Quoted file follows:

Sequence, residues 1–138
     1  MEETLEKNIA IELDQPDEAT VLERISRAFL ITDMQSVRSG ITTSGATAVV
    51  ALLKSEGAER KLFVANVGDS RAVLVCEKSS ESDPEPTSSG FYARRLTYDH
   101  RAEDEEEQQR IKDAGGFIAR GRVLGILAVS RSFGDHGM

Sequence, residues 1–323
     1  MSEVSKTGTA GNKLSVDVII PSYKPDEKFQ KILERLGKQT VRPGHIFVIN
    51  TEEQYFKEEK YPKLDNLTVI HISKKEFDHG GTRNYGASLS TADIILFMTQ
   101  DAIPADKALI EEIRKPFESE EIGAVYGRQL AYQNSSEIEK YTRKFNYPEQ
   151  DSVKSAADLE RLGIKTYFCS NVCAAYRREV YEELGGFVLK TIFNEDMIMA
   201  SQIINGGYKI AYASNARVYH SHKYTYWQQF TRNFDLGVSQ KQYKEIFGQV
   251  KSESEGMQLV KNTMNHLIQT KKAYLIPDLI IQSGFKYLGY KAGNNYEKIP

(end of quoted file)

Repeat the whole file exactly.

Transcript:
Sequence, residues 1–138
     1  MEETLEKNIA IELDQPDEAT VLERISRAFL ITDMQSVRSG ITTSGATAVV
    51  ALLKSEGAER KLFVANVGDS RAVLVCEKSS ESDPEPTSSG FYARRLTYDH
   101  RAEDEEEQQR IKDAGGFIAR GRVLGILAVS RSFGDHGM

Sequence, residues 1–323
     1  MSEVSKTGTA GNKLSVDVII PSYKPDEKFQ KILERLGKQT VRPGHIFVIN
    51  TEEQYFKEEK YPKLDNLTVI HISKKEFDHG GTRNYGASLS TADIILFMTQ
   101  DAIPADKALI EEIRKPFESE EIGAVYGRQL AYQNSSEIEK YTRKFNYPEQ
   151  DSVKSAADLE RLGIKTYFCS NVCAAYRREV YEELGGFVLK TIFNEDMIMA
   201  SQIINGGYKI AYASNARVYH SHKYTYWQQF TRNFDLGVSQ KQYKEIFGQV
   251  KSESEGMQLV KNTMNHLIQT KKAYLIPDLI IQSGFKYLGY KAGNNYEKIP